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Tod Papageorge moved from Leicas to medium-format cameras when he lived in New York in the 1970s, and a few years later began to photograph in Central Park in earnest. These pictures, gathered in Passing Through Eden, convey the passion that Rosalind Krauss once described in Papageorge's work--embracing "the sensuous richness of physical reality that fullness which Baudelaire used to call intimacy, when he meant eroticism." From picture to picture, Papageorge constructs a world that resembles our own, but that also reminds us of Biblical paradise: Passing Through Eden is edited to parallel, in its first half, the opening chapters of Genesis--from the creation through the (metaphorical) generations that follow on from Cain--before giving over to a virtuosic run of pictures that, from one to the next, might invoke Shakespeare's Tempest, or just confirm that the human comedy is alive and well in Central Park. This ambitious portfolio--incorporating work made over the course of 25 years--shows off not only Papageorge's remarkable ability to make photographs that read like condensed narratives, but also his skill at weaving them into sequences that echo shared cultural narratives. It challenges the reader to succumb (or not) to the pleasures of the "fullness" of each individual photograph, while ignoring (or not) the tug of a tale asking to be told. Like Eden itself, this book sets our hunger for beauty against that of knowledge, while reminding us of some of the ways that we read, and come to know, books.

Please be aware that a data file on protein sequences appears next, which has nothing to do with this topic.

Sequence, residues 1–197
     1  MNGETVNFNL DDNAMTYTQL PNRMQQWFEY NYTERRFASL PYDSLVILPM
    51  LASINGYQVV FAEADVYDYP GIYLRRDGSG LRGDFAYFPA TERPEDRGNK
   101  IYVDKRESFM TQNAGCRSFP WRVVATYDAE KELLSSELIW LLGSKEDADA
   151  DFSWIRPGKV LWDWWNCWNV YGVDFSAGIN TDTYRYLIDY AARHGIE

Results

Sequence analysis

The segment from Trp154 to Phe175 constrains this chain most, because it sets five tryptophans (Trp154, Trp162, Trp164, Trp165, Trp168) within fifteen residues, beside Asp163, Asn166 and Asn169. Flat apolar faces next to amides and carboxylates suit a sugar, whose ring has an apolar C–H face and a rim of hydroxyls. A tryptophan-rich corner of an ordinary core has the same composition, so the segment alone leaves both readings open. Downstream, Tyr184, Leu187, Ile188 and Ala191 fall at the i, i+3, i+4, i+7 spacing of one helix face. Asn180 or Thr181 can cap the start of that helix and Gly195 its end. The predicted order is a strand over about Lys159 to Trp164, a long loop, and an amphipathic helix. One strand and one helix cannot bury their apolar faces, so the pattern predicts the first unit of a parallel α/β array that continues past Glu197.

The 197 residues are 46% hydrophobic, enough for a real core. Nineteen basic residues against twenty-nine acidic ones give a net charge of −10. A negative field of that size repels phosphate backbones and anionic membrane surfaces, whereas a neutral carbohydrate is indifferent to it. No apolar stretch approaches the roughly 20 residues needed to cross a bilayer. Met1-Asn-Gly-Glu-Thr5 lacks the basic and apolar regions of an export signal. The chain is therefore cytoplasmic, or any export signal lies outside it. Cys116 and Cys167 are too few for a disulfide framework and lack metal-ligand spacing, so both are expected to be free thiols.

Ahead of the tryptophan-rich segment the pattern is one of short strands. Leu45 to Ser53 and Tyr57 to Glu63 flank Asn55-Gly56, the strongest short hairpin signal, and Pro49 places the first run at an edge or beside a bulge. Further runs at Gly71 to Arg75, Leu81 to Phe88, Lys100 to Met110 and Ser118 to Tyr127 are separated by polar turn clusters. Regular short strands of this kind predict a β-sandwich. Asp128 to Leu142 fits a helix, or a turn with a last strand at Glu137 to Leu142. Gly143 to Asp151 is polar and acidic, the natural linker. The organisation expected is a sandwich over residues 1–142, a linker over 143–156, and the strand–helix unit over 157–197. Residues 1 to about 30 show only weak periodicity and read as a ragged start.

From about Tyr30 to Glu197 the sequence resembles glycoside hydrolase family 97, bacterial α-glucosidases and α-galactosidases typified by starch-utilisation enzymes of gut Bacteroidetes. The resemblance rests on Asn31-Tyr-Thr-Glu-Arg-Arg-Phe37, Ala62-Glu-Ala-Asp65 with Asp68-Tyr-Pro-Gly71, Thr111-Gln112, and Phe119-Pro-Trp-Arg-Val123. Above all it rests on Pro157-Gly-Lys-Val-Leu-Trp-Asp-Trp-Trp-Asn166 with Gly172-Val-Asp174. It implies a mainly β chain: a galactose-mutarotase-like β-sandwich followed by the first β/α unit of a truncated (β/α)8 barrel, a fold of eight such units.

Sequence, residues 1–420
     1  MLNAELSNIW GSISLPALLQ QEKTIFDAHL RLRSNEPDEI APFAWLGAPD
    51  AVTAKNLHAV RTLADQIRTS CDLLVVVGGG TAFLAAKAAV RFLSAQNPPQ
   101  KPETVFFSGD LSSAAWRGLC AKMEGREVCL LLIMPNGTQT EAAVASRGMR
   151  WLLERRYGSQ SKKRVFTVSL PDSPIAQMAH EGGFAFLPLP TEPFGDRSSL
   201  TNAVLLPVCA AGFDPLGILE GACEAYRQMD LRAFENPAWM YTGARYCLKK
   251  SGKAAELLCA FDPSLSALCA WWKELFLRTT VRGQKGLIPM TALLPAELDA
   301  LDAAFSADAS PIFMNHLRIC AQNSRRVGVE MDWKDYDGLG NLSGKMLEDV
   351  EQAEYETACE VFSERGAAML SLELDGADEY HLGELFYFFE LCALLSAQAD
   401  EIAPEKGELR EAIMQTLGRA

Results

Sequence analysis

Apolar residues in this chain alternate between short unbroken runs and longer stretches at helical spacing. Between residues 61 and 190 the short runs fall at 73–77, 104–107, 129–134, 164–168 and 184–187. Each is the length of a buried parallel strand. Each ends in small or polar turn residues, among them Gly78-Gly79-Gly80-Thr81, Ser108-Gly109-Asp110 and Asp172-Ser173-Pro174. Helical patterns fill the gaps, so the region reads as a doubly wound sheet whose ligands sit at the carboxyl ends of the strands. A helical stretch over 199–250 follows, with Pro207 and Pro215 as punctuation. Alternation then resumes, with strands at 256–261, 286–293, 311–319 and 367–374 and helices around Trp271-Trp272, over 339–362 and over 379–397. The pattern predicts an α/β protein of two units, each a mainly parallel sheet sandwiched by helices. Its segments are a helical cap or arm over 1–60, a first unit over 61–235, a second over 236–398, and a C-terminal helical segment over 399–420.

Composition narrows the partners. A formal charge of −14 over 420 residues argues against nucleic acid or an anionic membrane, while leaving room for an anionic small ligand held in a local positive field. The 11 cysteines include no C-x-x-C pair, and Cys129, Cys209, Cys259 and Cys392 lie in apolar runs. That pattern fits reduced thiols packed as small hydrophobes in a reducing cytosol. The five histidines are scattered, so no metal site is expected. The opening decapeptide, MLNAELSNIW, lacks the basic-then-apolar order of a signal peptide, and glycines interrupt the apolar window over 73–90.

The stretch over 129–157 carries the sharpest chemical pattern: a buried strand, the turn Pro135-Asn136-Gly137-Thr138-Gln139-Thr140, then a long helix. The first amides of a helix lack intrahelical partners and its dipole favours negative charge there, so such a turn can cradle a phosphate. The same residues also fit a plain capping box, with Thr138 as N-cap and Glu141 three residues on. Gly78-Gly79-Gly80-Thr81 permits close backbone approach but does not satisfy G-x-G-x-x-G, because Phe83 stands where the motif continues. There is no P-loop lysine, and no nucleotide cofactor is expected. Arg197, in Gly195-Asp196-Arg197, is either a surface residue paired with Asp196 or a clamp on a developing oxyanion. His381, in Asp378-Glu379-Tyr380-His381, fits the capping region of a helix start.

About the Author
Tod Papageorge began to photograph in 1962 at the University of New Hampshire. Highly influential, since 1979 he has been the Walker Evans Professor of Photography at the Yale University School of Art. His work has been exhibited internationally, and is included in the collections of more than 30 major museums.